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Friday, August 19, 2011

The Story of Me part 2

*Here's part of the first chapter. Let me know what you think!*

People Who Loved Me

Lily MacDougal

Lilith Ann MacDougal or Lily, as she liked to be called, was my mother. I do not remember her and I can’t say that I loved her. I’m not even sure that she loved me. However, through the years I have convinced myself that she did love me. She must have loved me. She was my mother. If my own mother didn’t find me worthy of loving how could anyone else? So, whether she loved me or not, I added her to the small group of people who did because I needed her there.

I have been told that Lily was beautiful with long blonde hair and green eyes and a voice that was made for singing. I have never seen a picture of Lily, but I also have blonde hair and green eyes so I believe that part is true. I can not sing, but then I’ve never had much to sing about. Perhaps it was Lily’s love of singing that made her chose my name, Harmony. My name is Harmony Ann MacDougal.

Lily was seventeen when she gave birth to me. She never told anyone who my father was, but again I have heard stories. One story was that Lily had no idea who my father was. She was beautiful and there were always boys around vying for her attention. No one could ever name a particular boy that she was especially close to and that’s how the rumor of multiple options began.

The other rumor that floated around about my father’s identity and the one that I think is most likely true is that he was an older and married man. His name was Stephen. He was fresh out of college and newly married when he and his wife moved to Miami and three houses away from Lily. Stephen had been a music major in college and in the evenings he taught piano and voice lessons out of his home while his wife worked the night shift at a local drugstore.

Lily had no money for music lessons, but she loved to sing and I’ve been told that once Stephen heard her voice he offered to give her lessons for free. She would go to his home on the evenings that he didn’t have a paying student, but it was always after his wife left for work. People said that the neighbors would sit in their yard to listen as Stephen played the piano and Lily sang because it sounded beautiful. I was also told that plenty of laughter could be heard coming from inside the house.

Lily was fifteen when these free music lessons started and Stephen was all she would talk about. Everyone thought that her school girl crush was cute and encouraged her to keep singing. The neighbors figured it was a harmless crush on a happily married man and the music lessons kept her off the street and out of her mother’s house. Lily’s mother, my grandmother, drank. She drank a lot, but this is Lily’s story so I’ll tell you about that later.

As time went by Stephen started seeing fewer paying music students and started spending more time on his free lessons with Lily. In the evenings, the neighbors could hear Stephen and his wife arguing more nights than not before she left for work. Lily would often be seen waiting outside as she listened to them argue with a smile on her face. After the wife left, Lily would go into Stephen’s home for her music lessons. As time went by, Lily’s lessons lasted for longer periods of time even though less music could be heard coming from inside the house.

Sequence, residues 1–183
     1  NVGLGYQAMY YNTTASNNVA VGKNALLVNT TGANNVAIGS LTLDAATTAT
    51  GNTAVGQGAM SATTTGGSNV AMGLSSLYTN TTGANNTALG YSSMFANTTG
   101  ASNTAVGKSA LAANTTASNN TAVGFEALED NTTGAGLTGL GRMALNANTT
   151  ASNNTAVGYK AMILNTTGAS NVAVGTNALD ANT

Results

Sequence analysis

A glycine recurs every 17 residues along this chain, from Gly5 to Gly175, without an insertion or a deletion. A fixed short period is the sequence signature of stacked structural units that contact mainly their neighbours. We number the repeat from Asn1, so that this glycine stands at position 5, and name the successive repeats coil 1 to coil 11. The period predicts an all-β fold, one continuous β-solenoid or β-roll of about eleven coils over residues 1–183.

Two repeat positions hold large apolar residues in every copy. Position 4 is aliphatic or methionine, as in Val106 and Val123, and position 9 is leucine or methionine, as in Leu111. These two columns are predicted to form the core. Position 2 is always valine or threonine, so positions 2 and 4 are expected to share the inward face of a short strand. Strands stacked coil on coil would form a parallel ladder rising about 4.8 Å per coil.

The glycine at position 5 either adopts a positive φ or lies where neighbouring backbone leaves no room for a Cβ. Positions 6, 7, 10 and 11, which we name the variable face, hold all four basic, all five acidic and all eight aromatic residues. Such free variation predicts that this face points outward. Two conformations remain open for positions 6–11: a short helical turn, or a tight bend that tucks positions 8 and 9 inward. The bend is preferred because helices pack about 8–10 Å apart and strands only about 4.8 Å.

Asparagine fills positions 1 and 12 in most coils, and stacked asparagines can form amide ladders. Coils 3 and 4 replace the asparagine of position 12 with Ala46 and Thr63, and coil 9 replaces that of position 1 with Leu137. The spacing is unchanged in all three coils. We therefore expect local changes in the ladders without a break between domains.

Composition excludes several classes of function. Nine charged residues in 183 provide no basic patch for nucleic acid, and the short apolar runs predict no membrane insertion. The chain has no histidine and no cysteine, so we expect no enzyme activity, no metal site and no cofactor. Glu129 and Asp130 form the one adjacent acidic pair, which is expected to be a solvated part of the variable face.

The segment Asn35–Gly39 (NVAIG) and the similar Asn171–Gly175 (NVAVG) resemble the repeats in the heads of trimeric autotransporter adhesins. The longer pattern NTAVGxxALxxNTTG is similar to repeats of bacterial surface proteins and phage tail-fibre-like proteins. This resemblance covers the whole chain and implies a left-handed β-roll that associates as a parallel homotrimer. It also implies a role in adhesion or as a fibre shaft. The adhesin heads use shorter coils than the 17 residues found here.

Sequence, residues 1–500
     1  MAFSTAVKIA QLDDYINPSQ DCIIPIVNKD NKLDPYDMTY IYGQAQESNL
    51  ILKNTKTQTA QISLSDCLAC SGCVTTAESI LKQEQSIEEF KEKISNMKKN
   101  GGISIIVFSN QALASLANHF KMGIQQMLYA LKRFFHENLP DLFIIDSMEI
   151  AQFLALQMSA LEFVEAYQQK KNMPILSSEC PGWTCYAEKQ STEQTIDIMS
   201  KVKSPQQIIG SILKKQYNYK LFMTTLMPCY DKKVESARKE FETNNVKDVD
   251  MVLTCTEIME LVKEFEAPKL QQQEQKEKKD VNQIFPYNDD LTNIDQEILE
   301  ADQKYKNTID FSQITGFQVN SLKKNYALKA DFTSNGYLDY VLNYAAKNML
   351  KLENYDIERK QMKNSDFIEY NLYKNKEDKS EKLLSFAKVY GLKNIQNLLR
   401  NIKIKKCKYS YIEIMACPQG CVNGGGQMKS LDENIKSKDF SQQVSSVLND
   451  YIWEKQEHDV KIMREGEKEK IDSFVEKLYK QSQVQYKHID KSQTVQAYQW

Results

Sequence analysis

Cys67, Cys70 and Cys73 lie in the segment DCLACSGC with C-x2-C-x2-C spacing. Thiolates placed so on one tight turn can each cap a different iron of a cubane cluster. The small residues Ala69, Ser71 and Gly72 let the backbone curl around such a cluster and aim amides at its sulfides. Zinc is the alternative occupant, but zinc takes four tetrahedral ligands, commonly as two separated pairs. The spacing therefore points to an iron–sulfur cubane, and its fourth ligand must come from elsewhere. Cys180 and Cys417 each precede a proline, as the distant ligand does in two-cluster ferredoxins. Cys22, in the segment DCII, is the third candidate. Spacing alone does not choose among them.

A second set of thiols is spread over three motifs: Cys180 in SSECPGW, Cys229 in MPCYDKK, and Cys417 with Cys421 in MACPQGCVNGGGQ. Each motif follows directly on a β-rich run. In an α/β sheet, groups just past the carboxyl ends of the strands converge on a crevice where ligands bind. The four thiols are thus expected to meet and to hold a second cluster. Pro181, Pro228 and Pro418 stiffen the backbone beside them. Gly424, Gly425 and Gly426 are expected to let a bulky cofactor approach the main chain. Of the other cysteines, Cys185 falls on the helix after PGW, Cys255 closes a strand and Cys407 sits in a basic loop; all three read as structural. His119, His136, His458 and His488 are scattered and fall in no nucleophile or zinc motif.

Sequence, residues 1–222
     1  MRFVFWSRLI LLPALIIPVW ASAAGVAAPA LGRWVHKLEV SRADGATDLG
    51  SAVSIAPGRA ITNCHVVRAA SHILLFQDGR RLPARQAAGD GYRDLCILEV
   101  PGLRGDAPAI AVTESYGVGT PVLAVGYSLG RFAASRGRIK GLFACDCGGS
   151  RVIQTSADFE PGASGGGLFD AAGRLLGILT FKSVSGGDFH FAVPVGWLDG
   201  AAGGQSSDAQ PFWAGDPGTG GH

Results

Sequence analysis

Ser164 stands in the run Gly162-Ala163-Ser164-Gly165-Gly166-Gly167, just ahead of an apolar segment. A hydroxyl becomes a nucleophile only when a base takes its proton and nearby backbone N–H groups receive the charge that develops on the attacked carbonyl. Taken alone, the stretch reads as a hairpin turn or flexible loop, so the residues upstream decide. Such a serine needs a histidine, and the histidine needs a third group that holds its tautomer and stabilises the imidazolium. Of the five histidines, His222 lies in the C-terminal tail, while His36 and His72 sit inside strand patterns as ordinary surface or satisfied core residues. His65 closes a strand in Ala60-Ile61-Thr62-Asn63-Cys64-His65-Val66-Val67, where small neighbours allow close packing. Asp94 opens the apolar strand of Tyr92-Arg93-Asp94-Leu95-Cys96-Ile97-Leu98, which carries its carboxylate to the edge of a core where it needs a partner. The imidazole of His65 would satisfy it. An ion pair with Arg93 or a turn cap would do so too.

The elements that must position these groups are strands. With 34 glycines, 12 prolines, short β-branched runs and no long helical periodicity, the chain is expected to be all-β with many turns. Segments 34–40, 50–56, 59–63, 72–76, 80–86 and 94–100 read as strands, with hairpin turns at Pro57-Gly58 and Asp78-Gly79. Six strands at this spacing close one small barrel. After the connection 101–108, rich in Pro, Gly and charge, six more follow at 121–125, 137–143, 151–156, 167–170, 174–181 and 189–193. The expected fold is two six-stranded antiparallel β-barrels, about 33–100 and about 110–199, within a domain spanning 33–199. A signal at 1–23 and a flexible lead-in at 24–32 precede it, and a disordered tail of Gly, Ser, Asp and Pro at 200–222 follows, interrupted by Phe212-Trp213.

Eventually the neighbors started whispering about what could possibly be going on between the handsome music teacher and the young girl from the neighborhood. Whispering was all they ever did. No one ever confronted Lily or Stephen. No one ever told Stephen’s wife or Lily’s mother. No one ever contacted child services. This is Miami, a beautiful city with lots of seedy characters, and people learn at an early age not to question the actions of others.

Maybe if someone had asked the right questions or told the correct person Lily’s life and mine could have taken a different path. While I learned not to question the things people around me were doing I also learned that I can’t live a life of maybes. Therefore, I won’t dwell on what could have been and will simply stick to the facts of my life.

According to the stories I heard no one remembers ever being told that Lily was pregnant. She never confided in anyone about the pregnancy. It wasn’t until she started showing that anyone in the neighborhood knew. It’s hard to hide a baby bump under baggy clothing in the Miami heat.

Once it became obvious that Lily was pregnant the teenage boys that had followed her around moved on. Whether they were afraid of being named the father or just considered Lily damaged goods was never made clear. The only thing that was abundantly clear was that not one of them wanted anything to do with a pregnant teenage girl no matter how beautiful she was or how well she sang.

Lily continued to visit Stephen’s house for her free music lessons although no one heard her singing or his piano playing any longer. Lily and Stephen were never seen in public together. According to the stories I was told, the larger Lily became with me the less anyone saw of Stephen. He stopped going to whatever job he had held during the day. No one knew if he quit or if he was fired. The music students he had stopped showing up and he was never seen out with his wife.

My grandmother had shown no interest in Lily’s pregnancy. The neighbors used to laugh and say that she was too drunk to notice the changes Lily and her body were going through. She never talked about the pregnancy. She never purchased baby clothes or furniture for her future grandchild. There was no baby shower. Other than the time she spent with Stephen, Lily was completely on her own.

Have you gotten your copy of The Day Ginger Snapped?

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